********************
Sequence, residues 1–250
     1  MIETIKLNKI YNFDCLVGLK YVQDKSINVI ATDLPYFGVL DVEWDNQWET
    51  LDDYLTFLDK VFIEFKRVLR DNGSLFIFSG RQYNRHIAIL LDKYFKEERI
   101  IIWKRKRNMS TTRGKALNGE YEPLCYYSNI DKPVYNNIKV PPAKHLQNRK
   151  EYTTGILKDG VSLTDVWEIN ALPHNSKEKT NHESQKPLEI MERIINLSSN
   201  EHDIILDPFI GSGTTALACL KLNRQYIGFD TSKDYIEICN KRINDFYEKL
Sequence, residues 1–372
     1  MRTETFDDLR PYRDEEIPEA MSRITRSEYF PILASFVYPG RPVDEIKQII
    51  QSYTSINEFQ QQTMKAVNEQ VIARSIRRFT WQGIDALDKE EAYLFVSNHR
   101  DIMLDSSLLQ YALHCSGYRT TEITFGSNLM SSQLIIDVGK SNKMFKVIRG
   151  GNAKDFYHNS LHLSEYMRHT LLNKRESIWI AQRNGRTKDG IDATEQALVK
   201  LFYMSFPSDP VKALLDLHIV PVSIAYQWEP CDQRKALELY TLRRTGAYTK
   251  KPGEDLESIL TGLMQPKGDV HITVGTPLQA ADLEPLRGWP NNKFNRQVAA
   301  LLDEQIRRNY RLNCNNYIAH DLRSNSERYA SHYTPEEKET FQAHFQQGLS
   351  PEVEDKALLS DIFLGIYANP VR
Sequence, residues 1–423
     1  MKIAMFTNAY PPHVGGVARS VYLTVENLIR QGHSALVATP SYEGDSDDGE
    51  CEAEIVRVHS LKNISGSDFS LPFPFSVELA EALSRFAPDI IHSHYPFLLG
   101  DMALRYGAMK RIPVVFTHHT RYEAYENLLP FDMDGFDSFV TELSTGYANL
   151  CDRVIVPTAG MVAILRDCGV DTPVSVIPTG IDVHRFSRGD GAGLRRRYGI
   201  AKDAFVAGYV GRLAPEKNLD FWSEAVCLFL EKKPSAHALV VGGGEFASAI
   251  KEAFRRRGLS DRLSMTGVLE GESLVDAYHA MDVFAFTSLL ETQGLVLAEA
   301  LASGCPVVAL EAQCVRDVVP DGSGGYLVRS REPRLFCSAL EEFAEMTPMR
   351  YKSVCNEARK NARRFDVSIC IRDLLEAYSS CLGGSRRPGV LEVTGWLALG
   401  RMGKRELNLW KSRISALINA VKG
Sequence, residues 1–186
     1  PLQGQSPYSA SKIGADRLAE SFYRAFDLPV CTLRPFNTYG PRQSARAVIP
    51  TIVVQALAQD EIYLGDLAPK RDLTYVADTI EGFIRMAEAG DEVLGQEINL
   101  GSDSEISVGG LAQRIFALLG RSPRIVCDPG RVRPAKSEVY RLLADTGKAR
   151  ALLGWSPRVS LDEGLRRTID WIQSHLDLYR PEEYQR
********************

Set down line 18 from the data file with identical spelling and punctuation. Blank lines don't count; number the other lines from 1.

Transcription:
    51  CEAEIVRVHS LKNISGSDFS LPFPFSVELA EALSRFAPDI IHSHYPFLLG